• 1953 - 118 years after the Canton Viaduct's construction, a concrete roadway portal was cut adjacent to the original roadway portal in arch 13 to accommodate northbound traffic on Neponset Street. The $40,000 renovation took place in March and the cost was split by the town of Canton and the New York, New Haven and Hartford Railroad Co. This roadway portal is much smaller due to its segmental arch design and shorter width between buttresses. The cavity at arch 13 and foundations would have been inspected at this time.
  • 1963 - After years of Canton River flooding, the Army Corps of Engineers built the Canton Local Protection Project. The project's main purpose was to protect businesses along the river and prevent scouring of the viaduct's foundations during flood season and hurricanes as seen here during the Long Island Express hurricane of 1938.
  • 1965 - A USCGS benchmark (F31) was placed on the west side of the concrete roadway portal.
  • 1973 - Mason's marks on the bridge were cataloged and painted white by the Canton Historical Society in April. Painting of the Canton Viaduct's Mason's marks is known to have occurred one other time in the late 1800s.
  • 1995 - The MBTA and Amtrak rehabilitated the bridge for high-speed Acela Express train service. The main objectives of this $10 Million dollar project were to widen (13' track centers), strengthen and lengthen the bridge with a new cantilevered, precast, prestressed concrete deck, replace the concrete deck arches and institute electrification via catenary lines. Voltage for the 25 kV AC lines is provided by the electrical substation at the south end of the bridge. The original iron fence was also removed, refurbished and attached to the new deck. The new deck was 8' wider, with 4' walkways on each side that eliminated the need for the jump-out platforms. The concrete roadway portal was refinished and the USCGS benchmark was replaced.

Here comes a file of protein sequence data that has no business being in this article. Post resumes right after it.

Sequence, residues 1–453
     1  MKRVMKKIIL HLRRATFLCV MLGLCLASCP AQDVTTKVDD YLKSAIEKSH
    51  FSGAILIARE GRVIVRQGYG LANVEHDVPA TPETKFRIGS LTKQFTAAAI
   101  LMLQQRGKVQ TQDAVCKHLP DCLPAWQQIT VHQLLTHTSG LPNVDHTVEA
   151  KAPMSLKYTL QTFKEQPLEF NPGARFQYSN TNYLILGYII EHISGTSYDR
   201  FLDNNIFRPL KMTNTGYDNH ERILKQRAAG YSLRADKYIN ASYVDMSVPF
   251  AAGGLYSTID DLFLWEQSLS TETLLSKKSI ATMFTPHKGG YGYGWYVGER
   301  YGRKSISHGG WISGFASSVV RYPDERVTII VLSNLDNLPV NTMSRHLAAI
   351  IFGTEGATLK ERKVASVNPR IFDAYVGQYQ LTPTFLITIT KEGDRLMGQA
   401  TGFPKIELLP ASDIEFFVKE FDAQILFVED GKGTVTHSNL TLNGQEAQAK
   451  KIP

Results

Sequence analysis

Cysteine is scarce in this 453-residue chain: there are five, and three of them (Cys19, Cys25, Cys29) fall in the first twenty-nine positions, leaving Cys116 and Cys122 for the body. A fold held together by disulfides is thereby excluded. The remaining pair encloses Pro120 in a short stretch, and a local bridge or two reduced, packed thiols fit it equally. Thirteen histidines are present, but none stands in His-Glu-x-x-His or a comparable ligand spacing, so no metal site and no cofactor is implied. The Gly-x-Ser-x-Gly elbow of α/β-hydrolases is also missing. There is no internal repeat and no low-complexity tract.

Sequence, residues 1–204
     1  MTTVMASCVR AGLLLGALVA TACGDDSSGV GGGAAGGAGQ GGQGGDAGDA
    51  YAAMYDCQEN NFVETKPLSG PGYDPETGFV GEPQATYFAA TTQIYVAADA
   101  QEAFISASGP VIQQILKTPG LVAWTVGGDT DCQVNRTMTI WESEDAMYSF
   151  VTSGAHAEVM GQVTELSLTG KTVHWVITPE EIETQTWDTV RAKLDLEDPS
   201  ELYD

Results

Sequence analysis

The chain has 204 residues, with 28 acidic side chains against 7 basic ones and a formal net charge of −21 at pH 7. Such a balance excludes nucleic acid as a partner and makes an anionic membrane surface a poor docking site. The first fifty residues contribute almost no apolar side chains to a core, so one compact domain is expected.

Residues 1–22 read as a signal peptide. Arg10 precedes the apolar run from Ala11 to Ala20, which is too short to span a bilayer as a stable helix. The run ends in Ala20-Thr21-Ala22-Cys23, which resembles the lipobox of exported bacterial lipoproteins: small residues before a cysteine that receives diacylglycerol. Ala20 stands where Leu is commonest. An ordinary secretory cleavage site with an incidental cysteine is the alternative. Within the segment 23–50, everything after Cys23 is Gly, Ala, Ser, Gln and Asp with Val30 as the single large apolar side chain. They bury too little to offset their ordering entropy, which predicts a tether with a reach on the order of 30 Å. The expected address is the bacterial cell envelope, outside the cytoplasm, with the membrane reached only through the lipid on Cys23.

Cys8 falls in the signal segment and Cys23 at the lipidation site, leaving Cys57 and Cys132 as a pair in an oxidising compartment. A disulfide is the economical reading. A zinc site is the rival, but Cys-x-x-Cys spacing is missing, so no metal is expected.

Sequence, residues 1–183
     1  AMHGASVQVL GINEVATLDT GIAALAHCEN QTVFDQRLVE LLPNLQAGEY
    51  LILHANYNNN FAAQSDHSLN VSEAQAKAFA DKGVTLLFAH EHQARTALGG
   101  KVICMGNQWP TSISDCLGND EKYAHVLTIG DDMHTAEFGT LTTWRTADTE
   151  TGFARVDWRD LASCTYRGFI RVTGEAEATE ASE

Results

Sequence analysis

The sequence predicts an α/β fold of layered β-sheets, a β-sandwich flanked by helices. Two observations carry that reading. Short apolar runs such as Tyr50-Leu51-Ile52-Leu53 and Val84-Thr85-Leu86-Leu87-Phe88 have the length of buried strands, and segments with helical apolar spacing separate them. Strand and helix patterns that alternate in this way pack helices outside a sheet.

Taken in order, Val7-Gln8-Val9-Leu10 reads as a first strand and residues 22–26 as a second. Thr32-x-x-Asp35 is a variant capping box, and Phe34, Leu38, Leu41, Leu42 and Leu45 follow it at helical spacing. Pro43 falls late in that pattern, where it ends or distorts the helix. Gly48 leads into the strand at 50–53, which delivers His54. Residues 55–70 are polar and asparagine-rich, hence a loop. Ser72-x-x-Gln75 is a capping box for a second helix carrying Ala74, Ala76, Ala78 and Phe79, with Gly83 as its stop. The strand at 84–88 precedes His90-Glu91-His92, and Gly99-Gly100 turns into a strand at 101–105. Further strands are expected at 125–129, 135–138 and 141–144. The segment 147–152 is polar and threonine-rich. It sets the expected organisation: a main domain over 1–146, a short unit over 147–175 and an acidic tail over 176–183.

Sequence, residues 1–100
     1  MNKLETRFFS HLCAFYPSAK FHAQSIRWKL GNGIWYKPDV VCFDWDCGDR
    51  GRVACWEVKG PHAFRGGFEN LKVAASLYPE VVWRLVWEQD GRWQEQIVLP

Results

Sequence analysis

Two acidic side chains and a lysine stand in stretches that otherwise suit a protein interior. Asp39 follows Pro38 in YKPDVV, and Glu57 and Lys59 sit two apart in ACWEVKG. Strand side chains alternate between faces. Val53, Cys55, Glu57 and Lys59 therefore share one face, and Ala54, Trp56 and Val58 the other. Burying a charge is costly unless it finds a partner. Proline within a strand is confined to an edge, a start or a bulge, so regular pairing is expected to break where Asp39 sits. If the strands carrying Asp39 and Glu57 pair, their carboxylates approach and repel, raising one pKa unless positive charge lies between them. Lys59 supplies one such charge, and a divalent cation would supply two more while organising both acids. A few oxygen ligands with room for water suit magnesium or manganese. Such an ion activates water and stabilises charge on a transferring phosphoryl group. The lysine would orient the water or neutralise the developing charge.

Project challenges - It was necessary to maintain the historic fabric of the structure so all work was consistent with the Secretary of the Interior's Standards for Treatment of Historic Structures. The viaduct is located within Massachusetts DCR's Fowl Meadow and Ponkapoag Bog ACEC (Map Tile #7g) so protecting endangered species in the nearby wildlife refuge presented a challenge. Working in and over the Canton River required extensive permitting and close monitoring by environmental groups. The project was also located in a designated National Environmental Study Area. An excerpt from the September 1998 Railway Track & Structures article reads, "It was initially believed that the top of the viaduct was composed of solid granite blocks (originally carrying a single track). After the track and ballast were removed from the structure, troughs were discovered recessed into the granite capstones. The 18" deep troughs ran the entire length of the viaduct and were spaced approximately 56-1/2" apart (standard railroad gauge). In some locations, the trough contained a solid piece of oak, including some abandoned spikes. It is believed the troughs held wooden sleepers for the original single track railroad. These loose materials were removed from the deck, and lean concrete was placed to fill the voids. Archival photographs of the sleepers were taken and their remnants will be turned over to the local historical commission. At the approaches to the viaduct, a series of granite walls were uncovered running perpendicular to the tracks. These walls were approximately 7' on center, and it was thought that they might have carried a timber approach structure. The locations of the walls conflicted with new abutments for the PPC beams, and they made it difficult to install sheet piling for the contractor's support of excavation system. The walls were left in place undisturbed beneath the new track structure. HDR, Inc. redesigned the abutments to minimize their depths, eliminate the conflicts and reduce the loading of the temporary support of excavation system." When the railroad was complete except for the viaduct, trains ran to the bridge abutments where passengers would exit and descend the embankment. Passengers crossed the river on a hand-operated cable ferry, boarded horse drawn carriages on a temporary wagonway to cross the valley, then ascended the embankment to board a waiting train at the opposite abutment. The parallel walls at the abutments are believed to have supported the temporary (covered) train platforms to which wooden staircases were attached. These wooden staircases led from the train platforms to stone abutment staircases (with railings) for passengers to descended to the valley floor. A photo from 1871 may have captured one of those walls (bottom left), at the north end, west side of the viaduct. The parallel walls may have also served as foundations for the guard houses during World War II. Many capstones were discarded during the deck replacement project; they were placed in the field behind the viaduct. Some Canton residents recovered smaller stones from the massive pile before it was hauled off to an unknown destination. Portland Cement Association's Historic Canton Viaduct case study has more project details. Three interior inspections were performed in the winter by two structural engineers using rock climbing equipment to scale the interior walls. The inspectors noticed small, insignificant cracks in the walls and larger cracks in the deck stones that eventually lead to the deck being replaced. The stones of the viaduct were placed in such a way as to allow interior access at just three locations. Between the walls occasional tie stones connect the walls together. Some tie stones have large, loose stones placed on them to support work planks. The local film crew noticed rock crystal formation taking place, associated with the moist air inside and a rotting wooden platform. They also noticed some thin wood or iron pieces connecting the walls. It is unknown if these iron pieces or the platforms were used during construction or inspection. Stone stiles protrude into the airspace but do not reach the opposite side. The stiles were used to support work planks instead of traditional scaffolding due to the narrow space between the walls. [